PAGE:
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HMRC to step up sanctions against offshore tax evasion

HM Revenue and Customs has announced plans to toughen up penalties for offshore tax evasion, and is looking at a new corporate criminal offence for failure to prevent the facilitation of evasion.

HMRC to step up sanctions against offshore tax evasion

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In a consultation paper issued on Thursday, the tax authority said the move was in preparation for the automatic exchange of tax information among the 90 nations signed up to the Common Reporting Standard (CRS), which begins in 2017.

“The days of hiding money offshore are coming to an end,” it said in the consultation paper.

“Evaders are on notice that our existing disclosure facilities will close at the end of 2015 and be replaced by a final, tougher worldwide disclosure facility in advance of the first data exchange under CRS in September 2017.”

HMRC said the Government considers offshore tax evasion particularly deplorable and sees a case for further strengthening the deterrents and penalties for this offence.

“Criminal investigation and sanctions will play an increasingly prominent role in HMRC’s response to offshore tax evasion.”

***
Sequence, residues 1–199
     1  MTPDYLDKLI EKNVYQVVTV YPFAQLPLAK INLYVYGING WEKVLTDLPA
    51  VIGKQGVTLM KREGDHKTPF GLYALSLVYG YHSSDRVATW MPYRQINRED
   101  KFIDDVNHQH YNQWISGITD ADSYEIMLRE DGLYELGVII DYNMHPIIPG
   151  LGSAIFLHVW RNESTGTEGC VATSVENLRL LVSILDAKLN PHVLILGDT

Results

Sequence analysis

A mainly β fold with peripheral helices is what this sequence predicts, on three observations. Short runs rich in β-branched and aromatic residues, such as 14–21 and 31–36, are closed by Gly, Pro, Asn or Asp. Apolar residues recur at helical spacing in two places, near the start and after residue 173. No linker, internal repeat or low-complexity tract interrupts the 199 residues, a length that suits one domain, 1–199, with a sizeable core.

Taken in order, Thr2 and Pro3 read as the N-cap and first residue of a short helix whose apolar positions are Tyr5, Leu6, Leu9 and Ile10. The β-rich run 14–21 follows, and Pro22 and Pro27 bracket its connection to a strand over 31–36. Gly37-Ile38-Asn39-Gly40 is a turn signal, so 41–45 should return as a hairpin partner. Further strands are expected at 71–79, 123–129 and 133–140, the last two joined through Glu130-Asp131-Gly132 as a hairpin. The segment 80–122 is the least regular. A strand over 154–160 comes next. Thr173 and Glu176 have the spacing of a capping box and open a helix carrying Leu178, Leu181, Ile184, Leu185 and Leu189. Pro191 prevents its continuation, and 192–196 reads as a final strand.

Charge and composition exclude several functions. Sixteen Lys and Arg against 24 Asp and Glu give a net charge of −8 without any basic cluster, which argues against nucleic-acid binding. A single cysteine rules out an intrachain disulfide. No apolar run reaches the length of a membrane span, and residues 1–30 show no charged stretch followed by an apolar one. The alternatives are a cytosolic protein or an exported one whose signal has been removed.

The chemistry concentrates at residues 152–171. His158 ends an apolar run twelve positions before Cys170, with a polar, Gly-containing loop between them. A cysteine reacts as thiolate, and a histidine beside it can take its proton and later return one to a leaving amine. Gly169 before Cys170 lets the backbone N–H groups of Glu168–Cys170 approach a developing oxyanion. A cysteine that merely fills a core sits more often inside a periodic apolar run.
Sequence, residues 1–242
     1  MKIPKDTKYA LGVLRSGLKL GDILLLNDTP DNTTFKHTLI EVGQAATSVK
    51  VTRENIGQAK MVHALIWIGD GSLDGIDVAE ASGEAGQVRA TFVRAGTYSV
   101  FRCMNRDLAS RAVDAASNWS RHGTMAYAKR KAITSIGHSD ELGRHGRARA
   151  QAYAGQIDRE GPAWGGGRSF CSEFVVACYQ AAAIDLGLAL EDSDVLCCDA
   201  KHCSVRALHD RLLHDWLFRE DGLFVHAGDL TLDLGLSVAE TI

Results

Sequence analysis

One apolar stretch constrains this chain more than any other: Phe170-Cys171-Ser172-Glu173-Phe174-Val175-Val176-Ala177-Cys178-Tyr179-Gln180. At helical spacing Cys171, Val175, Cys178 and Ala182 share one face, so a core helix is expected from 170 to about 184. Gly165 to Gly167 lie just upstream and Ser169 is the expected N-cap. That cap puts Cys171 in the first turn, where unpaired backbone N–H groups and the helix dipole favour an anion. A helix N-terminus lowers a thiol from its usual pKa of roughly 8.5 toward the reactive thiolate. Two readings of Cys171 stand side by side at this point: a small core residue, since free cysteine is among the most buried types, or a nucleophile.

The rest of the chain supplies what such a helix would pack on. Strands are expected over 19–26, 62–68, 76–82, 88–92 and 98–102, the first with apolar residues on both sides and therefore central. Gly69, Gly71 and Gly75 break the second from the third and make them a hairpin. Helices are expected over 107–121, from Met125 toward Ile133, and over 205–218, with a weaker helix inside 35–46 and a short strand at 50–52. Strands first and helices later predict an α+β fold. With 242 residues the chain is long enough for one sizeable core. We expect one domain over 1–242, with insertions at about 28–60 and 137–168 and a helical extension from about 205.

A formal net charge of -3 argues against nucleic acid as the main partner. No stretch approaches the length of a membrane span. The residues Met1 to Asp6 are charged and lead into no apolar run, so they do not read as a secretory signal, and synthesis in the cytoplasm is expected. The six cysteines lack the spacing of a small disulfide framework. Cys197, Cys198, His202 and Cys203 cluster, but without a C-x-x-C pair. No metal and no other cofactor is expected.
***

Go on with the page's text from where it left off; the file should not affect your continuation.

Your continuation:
With the 17 September CRS deadline in mind, HMRC said it wants to hear from individuals with offshore income and assets; tax practitioners; representative bodies; and other interested parties on a series of major questions including whether to increase the minimum penalty for deliberate offshore evasion.

Broad scope

Jason Collins, partner at the international law firm Pinsent Masons, said the proposed new offence for failure to prevent the facilitation of offshore evasion could target a very broad range of organisations.

 “It is not only banks that will be affected by the creation of the new criminal offence, but a long list of accountancy and law firms, trustees and financial advisers.”

“The proposed legislation is also extremely broad geographically, with foreign corporations falling within its scope, as well as UK corporations that facilitate the evasion of taxes overseas, even if there is no loss to HM Treasury in this country,” Collins said.

“This new measure looks likely to produce further red tape for a wide range of businesses who will be forced to put new policies and procedures in place for their employees and undertake careful due diligence on  any third parties to whom they refer customers,” he said.

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